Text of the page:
Business & Economics Book Reviews (page 174)

INSIDE THE STRIKE ZONE by Randal Hendricks
BUSINESS & ECONOMICS
Released: Sept. 1, 1994

"Tenaciously dull writing, but essential for anyone wishing to understand the business of baseball and how it got that way."
A labored, slanted, but worthwhile discussion of the often bizarre financial dealings of baseball, by a major player in the evolution of free agency and escalating salaries. Read full book review >
BUSINESS & ECONOMICS
Released: Sept. 1, 1994

"Mainly for students and policy wonks."
A pointed reinterpretation of the history of antipoverty policy, arguing that racism most explains why our welfare state is feeble compared with other industrialized nations. Read full book review >

BUSINESS & ECONOMICS
Released: Sept. 1, 1994

Freelance journalist Shear arrestingly reconstructs a notably bad bargain the US struck with Japan during a period when, despite an immense trade deficit, Washington was willing to pay almost any price to keep the island nation on its side in the Cold War. Read full book review >
BUSINESS & ECONOMICS
Released: Sept. 1, 1994

"You'll want to avert your eyes as Kunen recreates the accident in all its blood and tears, but hang on for some impressive corporate muckraking. (8 pages of b&w photos, not seen)"
Part tabloid-style tearjerker, part sophisticated corporate exposÇ, by a former People magazine crime writer and bestselling author (The Strawberry Statement, 1969). Read full book review >
BUSINESS & ECONOMICS
Released: Aug. 31, 1994

"Kaufman comes across as a blend of science fetishist, free- market wonk, and immense sour grape—his good points sadly lost in the blather."
In classic jilted-lover style, former environmental activist Kaufman (The Beaches Are Moving, 1979) levels some sharp and deserving criticisms at the environmental movement, but loses credibility when he just can't find one good word for his former partner. Read full book review >

BUSINESS & ECONOMICS
Released: Aug. 22, 1994

"While the absorbing text includes statistical assurances as to air travel's relative safety, its behind-the-scenes reportage on JFK is not calculated to instill much confidence in either frequent or occasional fliers."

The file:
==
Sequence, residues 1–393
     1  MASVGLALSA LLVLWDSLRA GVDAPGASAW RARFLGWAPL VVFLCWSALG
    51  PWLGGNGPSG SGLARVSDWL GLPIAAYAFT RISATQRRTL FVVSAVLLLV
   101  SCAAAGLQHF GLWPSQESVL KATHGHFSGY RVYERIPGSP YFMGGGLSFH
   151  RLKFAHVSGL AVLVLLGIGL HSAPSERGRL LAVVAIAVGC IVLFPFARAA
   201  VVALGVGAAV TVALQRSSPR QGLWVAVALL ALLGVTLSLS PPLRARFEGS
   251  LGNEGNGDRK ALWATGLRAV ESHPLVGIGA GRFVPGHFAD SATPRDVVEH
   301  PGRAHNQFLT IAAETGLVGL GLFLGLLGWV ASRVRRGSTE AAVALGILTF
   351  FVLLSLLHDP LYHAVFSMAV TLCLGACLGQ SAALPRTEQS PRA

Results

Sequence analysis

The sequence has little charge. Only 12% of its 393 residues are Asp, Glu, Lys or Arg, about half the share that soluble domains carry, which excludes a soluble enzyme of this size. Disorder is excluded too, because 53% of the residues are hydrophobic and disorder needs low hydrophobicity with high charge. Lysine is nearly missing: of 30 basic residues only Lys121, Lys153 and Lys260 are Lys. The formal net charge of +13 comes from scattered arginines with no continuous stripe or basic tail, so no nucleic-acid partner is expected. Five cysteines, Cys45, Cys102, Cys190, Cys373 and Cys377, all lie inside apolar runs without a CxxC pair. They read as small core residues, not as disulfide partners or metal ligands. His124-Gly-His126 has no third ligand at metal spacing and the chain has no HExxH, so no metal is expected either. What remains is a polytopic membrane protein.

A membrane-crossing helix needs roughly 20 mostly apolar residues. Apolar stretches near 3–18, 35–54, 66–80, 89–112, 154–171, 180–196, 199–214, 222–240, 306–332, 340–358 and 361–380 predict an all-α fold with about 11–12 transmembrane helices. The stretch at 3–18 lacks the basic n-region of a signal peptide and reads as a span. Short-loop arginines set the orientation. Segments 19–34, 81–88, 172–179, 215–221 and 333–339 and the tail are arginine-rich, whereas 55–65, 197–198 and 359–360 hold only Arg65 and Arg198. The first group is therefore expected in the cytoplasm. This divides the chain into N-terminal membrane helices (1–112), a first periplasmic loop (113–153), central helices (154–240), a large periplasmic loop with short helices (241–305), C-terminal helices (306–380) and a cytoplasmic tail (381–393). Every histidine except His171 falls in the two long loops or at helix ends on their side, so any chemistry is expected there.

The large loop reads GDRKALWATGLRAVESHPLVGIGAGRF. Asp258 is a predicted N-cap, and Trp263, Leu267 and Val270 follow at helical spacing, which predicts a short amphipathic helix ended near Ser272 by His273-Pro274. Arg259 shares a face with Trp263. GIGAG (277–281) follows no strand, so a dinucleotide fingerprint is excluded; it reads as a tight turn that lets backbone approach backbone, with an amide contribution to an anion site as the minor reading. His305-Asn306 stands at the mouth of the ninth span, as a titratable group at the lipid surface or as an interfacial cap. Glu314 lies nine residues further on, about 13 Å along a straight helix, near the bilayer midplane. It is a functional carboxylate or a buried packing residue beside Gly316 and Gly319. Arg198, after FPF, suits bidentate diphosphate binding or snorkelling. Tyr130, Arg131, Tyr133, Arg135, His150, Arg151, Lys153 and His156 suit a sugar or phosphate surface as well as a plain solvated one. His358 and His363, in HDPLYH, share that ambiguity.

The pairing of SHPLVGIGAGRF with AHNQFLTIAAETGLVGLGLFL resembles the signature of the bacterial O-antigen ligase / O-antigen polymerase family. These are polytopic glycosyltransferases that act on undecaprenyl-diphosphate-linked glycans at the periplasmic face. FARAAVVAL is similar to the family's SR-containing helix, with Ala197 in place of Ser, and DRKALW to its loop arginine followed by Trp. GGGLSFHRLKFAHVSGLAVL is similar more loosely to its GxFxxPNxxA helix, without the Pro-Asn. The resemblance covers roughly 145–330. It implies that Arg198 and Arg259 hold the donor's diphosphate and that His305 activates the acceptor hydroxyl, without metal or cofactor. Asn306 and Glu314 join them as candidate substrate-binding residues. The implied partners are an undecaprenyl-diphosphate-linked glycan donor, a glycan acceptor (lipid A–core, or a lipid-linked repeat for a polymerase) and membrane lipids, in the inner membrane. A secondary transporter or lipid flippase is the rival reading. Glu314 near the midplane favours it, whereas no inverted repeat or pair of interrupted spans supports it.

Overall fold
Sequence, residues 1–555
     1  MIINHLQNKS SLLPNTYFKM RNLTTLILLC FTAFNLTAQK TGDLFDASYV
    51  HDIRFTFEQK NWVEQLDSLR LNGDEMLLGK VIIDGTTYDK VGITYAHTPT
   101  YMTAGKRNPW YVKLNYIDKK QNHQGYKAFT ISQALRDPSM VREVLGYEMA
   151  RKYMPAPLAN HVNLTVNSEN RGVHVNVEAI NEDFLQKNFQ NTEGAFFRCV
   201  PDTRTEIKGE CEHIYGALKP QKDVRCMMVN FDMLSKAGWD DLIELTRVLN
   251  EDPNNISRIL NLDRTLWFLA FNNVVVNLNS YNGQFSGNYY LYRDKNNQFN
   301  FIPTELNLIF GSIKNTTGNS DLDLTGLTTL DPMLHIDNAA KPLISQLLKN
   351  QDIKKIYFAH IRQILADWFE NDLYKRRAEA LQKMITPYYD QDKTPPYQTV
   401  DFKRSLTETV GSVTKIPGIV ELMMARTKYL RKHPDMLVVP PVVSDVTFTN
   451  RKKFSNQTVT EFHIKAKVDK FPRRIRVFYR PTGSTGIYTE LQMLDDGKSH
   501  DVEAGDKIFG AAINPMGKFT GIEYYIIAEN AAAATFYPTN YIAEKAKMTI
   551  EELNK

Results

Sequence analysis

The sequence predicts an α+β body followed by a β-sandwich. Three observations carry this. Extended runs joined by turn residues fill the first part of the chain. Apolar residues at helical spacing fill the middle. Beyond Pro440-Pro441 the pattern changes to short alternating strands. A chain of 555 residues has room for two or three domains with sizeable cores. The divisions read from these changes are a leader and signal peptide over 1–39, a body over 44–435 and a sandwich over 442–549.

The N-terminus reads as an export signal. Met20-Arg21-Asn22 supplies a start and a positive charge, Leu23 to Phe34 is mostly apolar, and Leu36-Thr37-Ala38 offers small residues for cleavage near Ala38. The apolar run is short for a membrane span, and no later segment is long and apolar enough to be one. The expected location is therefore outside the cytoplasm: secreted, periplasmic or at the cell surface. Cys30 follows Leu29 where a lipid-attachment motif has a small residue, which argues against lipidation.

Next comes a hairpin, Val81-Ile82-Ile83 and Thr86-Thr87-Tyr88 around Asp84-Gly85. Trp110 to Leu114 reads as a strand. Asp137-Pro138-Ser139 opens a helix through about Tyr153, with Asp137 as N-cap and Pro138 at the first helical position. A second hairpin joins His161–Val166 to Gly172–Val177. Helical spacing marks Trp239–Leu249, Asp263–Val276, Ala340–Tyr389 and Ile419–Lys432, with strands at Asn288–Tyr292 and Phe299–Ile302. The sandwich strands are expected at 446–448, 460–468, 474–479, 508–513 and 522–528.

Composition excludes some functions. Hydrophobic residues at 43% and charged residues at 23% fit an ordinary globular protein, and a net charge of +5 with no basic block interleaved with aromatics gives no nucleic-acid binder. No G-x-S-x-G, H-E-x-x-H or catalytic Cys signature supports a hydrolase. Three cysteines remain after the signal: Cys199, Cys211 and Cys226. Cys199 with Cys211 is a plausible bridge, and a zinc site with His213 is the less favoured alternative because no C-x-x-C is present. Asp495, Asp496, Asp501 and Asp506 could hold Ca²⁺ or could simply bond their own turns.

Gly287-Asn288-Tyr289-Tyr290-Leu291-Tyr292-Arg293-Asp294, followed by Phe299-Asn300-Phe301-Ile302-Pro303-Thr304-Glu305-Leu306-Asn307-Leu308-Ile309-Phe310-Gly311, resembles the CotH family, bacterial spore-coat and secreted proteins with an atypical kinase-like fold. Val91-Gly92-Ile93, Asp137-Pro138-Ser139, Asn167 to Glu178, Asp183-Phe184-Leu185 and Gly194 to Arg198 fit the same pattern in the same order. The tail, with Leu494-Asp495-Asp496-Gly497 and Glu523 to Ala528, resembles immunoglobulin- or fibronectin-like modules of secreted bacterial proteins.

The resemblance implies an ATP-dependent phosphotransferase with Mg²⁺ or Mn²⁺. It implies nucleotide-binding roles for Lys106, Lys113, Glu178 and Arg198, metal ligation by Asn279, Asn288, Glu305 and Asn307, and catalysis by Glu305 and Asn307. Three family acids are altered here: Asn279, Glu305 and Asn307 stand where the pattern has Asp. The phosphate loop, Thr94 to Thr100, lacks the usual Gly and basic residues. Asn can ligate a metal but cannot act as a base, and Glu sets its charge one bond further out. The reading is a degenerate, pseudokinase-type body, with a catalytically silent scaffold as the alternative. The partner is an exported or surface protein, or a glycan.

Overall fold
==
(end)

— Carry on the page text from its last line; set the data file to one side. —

Just when you thought it was safe to fly away on a summer holiday, along comes this almost indecently gleeful reminder that the sky, even more than the sea, can be terribly unforgiving of mistakes. Read full book review >
BUSINESS & ECONOMICS
Released: Aug. 3, 1994

"An engaging audit of a corporate phenomenon that wisely eschews what-it-all-means analysis in favor of a vivid narrative that can speak for itself. (80 photos, not seen) ($30,000 ad promo; author tour)"
An informative and agreeably anecdotal history of the Atlanta- based multinational that, despite the best efforts of archrival PepsiCo, continues to bestride the global soft-drink trade like a colossus. Read full book review >
BUSINESS & ECONOMICS
Released: Aug. 1, 1994

"Now that's okay (unless you're a cow), but a cash-register makes a poor pulpit."
It is quite possible that thousands of years from now, forensic cultural criticism will determine that motivational speaking and inspirational books acted upon our minds in much the same way as lead poisoning acted upon the minds of the citizens of the latter Roman Empire. Read full book review >
BUSINESS & ECONOMICS
Released: Aug. 1, 1994

"This testament to how deeply jobs shape workers' lives is as invaluable a cultural document as Susan Orleans's Saturday Night. (Photos, not seen) (First serial to Esquire)"
This chronicle of freelance journalist Snowden's year in the trenches of America's work force could well serve as a textbook for Modern American Culture 101. Read full book review >
BUSINESS & ECONOMICS
Released: Aug. 1, 1994

"He also gives readers a poignant mini-memoir about the life of a newspaperman covering the powerful."
Strong language and strong medicine about the decline of the American economy, but marred by overwrought prose and Monday- morning quarterbacking. Read full book review >
BUSINESS & ECONOMICS
Released: July 1, 1994

What better event than a newspaper strike to show the gulf between the assumptions of the American labor movement and the realities of the information economy? Read full book review >
GONE WHALING by Douglas Hand
BUSINESS & ECONOMICS
Released: July 1, 1994

"And when we actually come to see an orca, it is just for one tantalizing moment before we are plunged back into the fairly dull world of whale experts."
Hand's book is less interested in whales than in the humans (including the author) who concern themselves with them. Read full book review >
Kirkus Interview
Michael Eric Dyson
February 2, 2016

In Michael Eric Dyson’s rich and nuanced book new book, The Black Presidency: Barack Obama and the Politics of Race in America, Dyson writes with passion and understanding about Barack Obama’s “sad and disappointing” performance regarding race and black concerns in his two terms in office. While race has defined his tenure, Obama has been “reluctant to take charge” and speak out candidly about the nation’s racial woes, determined to remain “not a black leader but a leader who is black.” Dyson cogently examines Obama’s speeches and statements on race, from his first presidential campaign through recent events—e.g., the Ferguson riots and the eulogy for the Rev. Clementa Pinckney in Charleston—noting that the president is careful not to raise the ire of whites and often chastises blacks for their moral failings. At his best, he spoke with “special urgency for black Americans” during the Ferguson crisis and was “at his blackest,” breaking free of constraints, in his “Amazing Grace” Charleston eulogy. Dyson writes here as a realistic, sometimes-angry supporter of the president. View video >